Irish medics likely to start treating Covid-19 patients with dexamethasone

Widely-available drug shown in UK to significantly reduce death rate

Preliminary data from a clinical trial suggested dexamethasone reduced the risk of dying in Covid-19 patients on ventilators by as much as 35 per cent and patients on oxygen by 20 per cent. Photograph: Yui Mok/PA Wire

Preliminary data from a clinical trial suggested dexamethasone reduced the risk of dying in Covid-19 patients on ventilators by as much as 35 per cent and patients on oxygen by 20 per cent. Photograph: Yui Mok/PA Wire

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Irish medical specialists treating severely ill Covid-19 patients are likely to immediately start administering the widely-available steroid drug shown in the UK to significantly reduce death rates, according to a leading intensive care specialist.

Prof John Laffey of NUI Galway school of medicine said this was possible because dexamethasone, an anti-inflammatory medication, had a proven safety record and inflammation was often associated with severe cases of Covid-19.

He was commenting after preliminary data from a clinical trial suggested the drug reduced the risk of dying in Covid-19 patients on ventilators by as much as 35 per cent and patients on oxygen by 20 per cent.

Prof Laffey said it was reassuring that “it’s a big study done by a high-end bunch of people. If it gets past peer review, it will change practice”.

Its use could be scaled up quickly as it was common, inexpensive and widely deployed in hospitals, he said.

What was “really encouraging” was the fact that the drug was evaluated in a randomised control trial, which were the most robust, said infectious diseases consultant Prof Paddy Mallon of St Vincent’s University Hospital Dublin.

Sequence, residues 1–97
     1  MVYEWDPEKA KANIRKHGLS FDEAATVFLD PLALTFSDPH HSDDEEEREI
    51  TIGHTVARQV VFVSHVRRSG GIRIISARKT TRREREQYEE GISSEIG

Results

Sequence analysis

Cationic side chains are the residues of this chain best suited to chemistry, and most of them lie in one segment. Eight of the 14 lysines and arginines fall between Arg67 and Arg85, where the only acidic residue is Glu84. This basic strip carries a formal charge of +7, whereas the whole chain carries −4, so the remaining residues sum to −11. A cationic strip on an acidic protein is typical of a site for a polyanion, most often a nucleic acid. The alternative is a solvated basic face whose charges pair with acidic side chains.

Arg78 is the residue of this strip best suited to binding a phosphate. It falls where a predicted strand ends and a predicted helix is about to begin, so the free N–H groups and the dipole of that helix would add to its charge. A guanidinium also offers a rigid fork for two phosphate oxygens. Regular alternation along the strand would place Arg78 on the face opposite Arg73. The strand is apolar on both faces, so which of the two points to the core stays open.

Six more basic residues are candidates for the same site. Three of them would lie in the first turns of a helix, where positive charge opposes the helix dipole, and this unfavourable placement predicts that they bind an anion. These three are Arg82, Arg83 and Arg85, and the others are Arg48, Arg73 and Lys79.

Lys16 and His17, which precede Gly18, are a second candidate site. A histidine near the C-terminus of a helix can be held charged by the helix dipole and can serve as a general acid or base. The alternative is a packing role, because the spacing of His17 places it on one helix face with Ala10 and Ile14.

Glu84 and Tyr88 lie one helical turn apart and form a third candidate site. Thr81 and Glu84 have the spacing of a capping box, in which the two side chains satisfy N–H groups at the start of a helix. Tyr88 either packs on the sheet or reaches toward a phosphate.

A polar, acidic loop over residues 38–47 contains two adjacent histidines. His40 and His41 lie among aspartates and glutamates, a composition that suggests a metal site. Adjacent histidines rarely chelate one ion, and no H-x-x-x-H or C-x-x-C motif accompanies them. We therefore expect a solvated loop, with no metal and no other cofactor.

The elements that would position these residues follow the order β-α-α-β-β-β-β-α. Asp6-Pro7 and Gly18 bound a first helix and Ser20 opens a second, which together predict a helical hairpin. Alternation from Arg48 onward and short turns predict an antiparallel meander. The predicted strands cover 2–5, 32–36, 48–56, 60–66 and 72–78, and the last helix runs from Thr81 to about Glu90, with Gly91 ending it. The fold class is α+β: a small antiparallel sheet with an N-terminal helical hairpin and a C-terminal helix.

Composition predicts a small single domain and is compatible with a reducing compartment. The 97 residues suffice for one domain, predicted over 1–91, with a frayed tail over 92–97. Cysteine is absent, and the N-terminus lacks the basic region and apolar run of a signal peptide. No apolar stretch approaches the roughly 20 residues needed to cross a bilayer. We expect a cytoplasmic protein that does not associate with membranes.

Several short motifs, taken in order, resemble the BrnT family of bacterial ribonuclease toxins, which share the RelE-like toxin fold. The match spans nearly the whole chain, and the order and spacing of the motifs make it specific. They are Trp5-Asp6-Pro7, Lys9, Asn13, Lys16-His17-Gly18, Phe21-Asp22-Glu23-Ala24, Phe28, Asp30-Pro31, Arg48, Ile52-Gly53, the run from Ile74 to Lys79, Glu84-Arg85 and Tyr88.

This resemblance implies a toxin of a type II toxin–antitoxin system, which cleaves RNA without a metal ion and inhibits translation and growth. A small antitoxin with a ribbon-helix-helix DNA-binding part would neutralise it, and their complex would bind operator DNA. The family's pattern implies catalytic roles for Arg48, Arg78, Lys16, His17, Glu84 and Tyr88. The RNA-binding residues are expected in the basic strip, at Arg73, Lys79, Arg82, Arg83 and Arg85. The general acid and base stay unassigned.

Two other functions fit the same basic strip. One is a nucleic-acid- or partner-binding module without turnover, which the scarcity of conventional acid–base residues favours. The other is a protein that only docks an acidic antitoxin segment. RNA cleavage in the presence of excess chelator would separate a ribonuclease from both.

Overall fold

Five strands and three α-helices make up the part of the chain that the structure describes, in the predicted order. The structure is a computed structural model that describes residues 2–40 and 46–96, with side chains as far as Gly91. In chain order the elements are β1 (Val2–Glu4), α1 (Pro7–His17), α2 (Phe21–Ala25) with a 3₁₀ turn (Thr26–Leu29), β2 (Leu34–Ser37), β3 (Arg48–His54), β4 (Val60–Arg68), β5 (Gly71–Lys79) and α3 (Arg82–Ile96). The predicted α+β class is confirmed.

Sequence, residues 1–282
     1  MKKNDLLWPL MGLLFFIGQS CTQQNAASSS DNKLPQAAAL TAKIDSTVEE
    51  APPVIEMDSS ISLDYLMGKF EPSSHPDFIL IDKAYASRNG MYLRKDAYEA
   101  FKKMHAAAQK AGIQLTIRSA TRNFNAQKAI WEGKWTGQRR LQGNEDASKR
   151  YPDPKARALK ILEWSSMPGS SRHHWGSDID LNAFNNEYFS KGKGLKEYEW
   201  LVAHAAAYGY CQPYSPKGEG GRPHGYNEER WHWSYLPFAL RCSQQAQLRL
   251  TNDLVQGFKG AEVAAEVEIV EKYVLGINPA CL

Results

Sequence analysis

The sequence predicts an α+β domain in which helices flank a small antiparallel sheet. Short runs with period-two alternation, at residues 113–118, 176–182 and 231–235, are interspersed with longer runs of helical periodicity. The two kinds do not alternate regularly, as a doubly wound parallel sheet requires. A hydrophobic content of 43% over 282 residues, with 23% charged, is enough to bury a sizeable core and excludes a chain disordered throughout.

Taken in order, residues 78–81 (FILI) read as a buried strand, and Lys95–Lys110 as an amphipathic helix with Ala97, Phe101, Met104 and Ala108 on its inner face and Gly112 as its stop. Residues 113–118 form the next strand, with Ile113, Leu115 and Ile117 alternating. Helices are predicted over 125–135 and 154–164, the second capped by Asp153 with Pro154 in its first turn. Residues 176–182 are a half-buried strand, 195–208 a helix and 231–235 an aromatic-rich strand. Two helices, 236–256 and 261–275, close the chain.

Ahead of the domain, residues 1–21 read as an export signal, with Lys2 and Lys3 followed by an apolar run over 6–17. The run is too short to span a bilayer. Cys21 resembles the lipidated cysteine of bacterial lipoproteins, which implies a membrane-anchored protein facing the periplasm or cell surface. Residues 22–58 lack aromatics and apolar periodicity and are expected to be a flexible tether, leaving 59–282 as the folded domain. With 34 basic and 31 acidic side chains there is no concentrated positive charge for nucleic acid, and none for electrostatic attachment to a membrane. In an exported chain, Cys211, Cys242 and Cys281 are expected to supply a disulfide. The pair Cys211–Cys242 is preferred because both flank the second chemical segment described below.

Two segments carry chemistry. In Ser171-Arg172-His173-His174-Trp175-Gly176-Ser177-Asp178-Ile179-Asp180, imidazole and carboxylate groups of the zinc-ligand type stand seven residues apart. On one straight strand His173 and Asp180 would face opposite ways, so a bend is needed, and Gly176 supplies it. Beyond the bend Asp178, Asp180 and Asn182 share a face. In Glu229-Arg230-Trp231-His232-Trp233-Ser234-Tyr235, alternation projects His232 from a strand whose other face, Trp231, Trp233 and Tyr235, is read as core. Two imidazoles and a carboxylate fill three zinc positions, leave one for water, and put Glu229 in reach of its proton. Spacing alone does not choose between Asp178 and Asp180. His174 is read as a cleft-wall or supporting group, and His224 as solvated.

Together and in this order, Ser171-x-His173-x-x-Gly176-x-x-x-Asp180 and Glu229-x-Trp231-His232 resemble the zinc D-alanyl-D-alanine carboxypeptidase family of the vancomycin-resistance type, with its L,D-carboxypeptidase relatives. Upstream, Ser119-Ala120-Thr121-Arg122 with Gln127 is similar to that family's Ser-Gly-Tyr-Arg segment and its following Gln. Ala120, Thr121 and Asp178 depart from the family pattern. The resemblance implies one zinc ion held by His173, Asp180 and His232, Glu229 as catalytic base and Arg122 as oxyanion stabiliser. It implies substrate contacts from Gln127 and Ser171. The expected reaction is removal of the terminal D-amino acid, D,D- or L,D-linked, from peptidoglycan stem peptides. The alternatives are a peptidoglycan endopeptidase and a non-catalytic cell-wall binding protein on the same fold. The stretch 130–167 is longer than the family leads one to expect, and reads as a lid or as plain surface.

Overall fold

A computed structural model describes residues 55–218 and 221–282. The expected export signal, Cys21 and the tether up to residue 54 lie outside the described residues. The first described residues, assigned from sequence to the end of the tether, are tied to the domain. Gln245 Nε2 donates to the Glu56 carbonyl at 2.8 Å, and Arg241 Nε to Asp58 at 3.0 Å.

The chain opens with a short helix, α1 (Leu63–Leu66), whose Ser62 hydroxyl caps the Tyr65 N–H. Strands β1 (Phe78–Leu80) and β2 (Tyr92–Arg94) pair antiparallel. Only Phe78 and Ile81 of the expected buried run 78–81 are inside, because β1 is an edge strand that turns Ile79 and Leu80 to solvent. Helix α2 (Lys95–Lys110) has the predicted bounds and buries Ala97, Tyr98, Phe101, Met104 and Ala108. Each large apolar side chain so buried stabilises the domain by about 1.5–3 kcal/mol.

In addition, it was focused on mortality and achieved a reduction in deaths, especially with severely ill people in ICU. With the first wave of the pandemic they were trying to dampen inflammation using steroids. “This confirms our clinical approach . . . but people now will be more likely to get steroids as a consequence.”

The downside was an absence of full results. While he could understand why preliminary findings were issued in a press release, the data was scant, he stressed.

‘Awaiting full details’

Speaking in the Dáil on Wednesday Minister for Health Simon Harris said he has asked public health experts to contact the HSE regarding plans to make the drug available to treat Covid-19 patients here. Mr Harris cautioned “we are awaiting full details of the study” .

The HSE “looks forward with interest to studying the completed, peer-reviewed report, and note the potential evident from this early report,” a spokeswoman said.

While the HSE is not currently advocating widespread use of steroids in the treatment of Covid-19, it is advising that clinicians be alert and aware of this latest information, and use steroids only where clinically indicated, she added.